I also recognize that by thinking of death, I am contemplating the meaning of life itself, and in doing so, cultivating a more meaningful life for myself. I can choose to focus on working towards what matters most for me, and not get so sucked into all the petty day to day dramas, because I am reminded that my time here is limited. That reminder is invaluable.
Question the roots of your fear.
A couple months ago, I confessed my death fears to a healer I saw, and she asked me whether I was sure my fears were actually mine. If you are the type of person who is sensitive to other peoples' energies (trauma survivors often develop this ability), consider the fact that 2020 has forced us to collectively consider the possibility of impending death and large-scale doom. For a culture that thrives on ignoring death, this is a massive shift. It is possible your overwhelming fears are a reflection of the collective, especially if they've developed only recently.
Are you a control freak? If so, consider that death is the ultimate manifestation of the uncontrollable. Nothing you can do will stop its coming - not all the green juices and exercise programs in the world. Consider that this is actually an opportunity for you to address your need to control. I have found that the #1 thing I can do to make my life better is to surrender. Work with surrender as a way to heal your mind, and in doing so, ease your fears.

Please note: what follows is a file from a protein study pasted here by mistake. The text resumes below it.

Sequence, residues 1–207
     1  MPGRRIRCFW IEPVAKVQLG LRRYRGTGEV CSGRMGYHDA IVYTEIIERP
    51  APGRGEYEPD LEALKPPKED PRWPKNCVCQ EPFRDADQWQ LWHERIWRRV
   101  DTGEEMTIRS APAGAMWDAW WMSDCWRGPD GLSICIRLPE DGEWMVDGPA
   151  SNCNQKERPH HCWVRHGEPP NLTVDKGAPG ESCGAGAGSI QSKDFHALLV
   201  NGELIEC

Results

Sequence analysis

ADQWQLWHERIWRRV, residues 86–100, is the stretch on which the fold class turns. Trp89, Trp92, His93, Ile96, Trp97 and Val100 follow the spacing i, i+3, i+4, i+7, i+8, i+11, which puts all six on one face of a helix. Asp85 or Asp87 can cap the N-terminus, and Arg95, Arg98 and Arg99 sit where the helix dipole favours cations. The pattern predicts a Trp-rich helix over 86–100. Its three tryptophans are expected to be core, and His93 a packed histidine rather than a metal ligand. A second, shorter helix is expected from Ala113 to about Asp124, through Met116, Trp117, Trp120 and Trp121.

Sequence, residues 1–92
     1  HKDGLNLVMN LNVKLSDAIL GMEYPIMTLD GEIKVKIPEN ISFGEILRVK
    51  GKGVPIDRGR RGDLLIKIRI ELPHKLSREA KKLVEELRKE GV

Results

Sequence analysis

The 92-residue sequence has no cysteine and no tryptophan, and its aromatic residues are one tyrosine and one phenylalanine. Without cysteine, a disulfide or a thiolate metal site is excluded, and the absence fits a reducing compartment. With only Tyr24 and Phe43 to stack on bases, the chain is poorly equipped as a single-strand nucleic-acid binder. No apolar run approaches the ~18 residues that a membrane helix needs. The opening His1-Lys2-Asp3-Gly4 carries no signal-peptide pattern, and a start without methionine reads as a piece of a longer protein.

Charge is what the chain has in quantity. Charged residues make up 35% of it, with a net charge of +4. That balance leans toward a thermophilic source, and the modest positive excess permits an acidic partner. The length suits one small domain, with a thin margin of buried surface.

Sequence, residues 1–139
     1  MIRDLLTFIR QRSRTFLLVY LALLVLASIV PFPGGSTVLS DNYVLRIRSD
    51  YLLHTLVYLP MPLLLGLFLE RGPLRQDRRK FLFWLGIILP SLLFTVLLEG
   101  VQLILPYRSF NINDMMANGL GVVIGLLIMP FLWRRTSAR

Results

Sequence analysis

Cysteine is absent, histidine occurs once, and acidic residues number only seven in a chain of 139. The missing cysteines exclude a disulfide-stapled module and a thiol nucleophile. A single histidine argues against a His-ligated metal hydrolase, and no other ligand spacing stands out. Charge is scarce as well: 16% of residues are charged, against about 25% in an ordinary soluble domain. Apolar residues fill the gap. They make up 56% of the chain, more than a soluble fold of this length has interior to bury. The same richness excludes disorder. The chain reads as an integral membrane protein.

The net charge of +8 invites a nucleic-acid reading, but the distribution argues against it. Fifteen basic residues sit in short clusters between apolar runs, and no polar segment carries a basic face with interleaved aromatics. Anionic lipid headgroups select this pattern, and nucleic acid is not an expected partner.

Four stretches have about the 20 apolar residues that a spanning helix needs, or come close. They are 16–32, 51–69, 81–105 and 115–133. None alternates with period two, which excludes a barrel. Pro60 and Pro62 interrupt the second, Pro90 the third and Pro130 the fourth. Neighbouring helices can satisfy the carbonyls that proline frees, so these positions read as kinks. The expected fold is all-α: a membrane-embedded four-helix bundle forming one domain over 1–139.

Most important: Actually feel the fear.
We do not like to feel uncomfortable emotions. But as Brené Brown says, we cannot selectively numb. If you avoid feeling your fears of death (or any negative emotion!), you will also not be able to fully feel joy, love, peace, contentedness.
Also, to choose to ignore your fear does not get rid of it. Rather, that fear is stored in the body, which can be much more painful to process in the long term. The negative emotions we store in our bodies can even lead to physical manifestations of disease. And anytime I "ignore" a feeling, I end up feeling just generally off for the rest of the day, or the feeling will keep popping up again and again. So ignoring it doesn't even actually work for me.
So, when I have death thoughts, I am trying to let myself feel everything and process it in the moment. I put my hands over my heart. I breathe deeply, and truly feel the fear. I let myself cry if I need to, and tell myself it's okay. Then, the moment passes (usually in just a few minutes), and I find the rest of my day is so much better than if I hadn't just held that small space. It is a more true way of being, and I think in doing this, I am getting closer to embodied living.
I hope one or more of these ideas helps you expand. Sending love as we walk each other home. <3